17. I have a slightly different view regarding the opinion you express in the last paragraph where you say that we dress and make-up for ourselves (or, at least that's the way it should be). Going back to Desmond Morris, I recall his theory that women make-up to become more sexually attractive to men. The red lips mimicks the genital area, the blush on the face being reminiscent of the red buttocks of the female chimp in estrus, etc. And, lastly, I wonder how much men or women would dress-up if they were the only ones on a deserted island. Just food for thought.

  18. Funny that we would be coming to the same conclusion about our hair.. haven't done much to it since my mom died 4 years ago & have not cut my hair since Michael died in December. Time to at least trim it -- Alanna made that point yesterday! Frankly, I would rather just not have to do anything to my hair, other than wash it... Boy, am I going to look like a street urchin in no time!

    Why do we place so much importance on our hair? After all, it is just hair. Funny the things it makes you feel or think. I have gone from being a natural golden blonde to whatever color it is now. A little bit of everything I guess. I like to think of it as more an accurate reflection of my genetic background than my skin or eye color. Now that it is getting dark & a few silver strands, I like to think I am more connected to my mother's side of the family. Even the red that is in there comes from her side. Looking less like the Irish Catholic side & more the Western European/ Native American blend.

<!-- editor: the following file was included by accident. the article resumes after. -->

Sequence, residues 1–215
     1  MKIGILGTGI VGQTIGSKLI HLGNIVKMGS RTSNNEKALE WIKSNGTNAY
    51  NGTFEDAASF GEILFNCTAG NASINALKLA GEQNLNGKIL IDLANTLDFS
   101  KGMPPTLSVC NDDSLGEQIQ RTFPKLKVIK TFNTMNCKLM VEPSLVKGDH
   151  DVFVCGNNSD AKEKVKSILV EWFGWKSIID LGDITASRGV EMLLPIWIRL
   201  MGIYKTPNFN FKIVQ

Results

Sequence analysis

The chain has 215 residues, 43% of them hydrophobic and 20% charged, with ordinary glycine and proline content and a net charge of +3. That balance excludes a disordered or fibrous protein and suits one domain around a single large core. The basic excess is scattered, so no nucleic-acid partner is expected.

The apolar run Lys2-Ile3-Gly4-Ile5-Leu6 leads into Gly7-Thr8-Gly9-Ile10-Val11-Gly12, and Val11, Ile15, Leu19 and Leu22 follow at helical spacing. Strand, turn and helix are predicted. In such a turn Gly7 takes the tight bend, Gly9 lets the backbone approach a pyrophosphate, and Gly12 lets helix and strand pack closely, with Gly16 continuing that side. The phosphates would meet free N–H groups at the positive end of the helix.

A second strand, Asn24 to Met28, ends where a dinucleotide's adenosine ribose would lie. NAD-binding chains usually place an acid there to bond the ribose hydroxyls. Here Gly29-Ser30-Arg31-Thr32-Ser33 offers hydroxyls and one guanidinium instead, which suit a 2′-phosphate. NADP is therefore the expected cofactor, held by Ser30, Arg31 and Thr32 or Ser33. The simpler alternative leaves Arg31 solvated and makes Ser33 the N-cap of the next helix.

I like that fact that you have "let your hair go". Do you feel this makes you less a slave to the external? ( Not that you were ever a slave to the external ) Is it a natural part of the female make up to fuss with your hair?

    I think you look wonderful, no matter what your hair color/ hair thickness is! Your beauty is intact, no matter what your external appearance is doing. We love you here in KC!!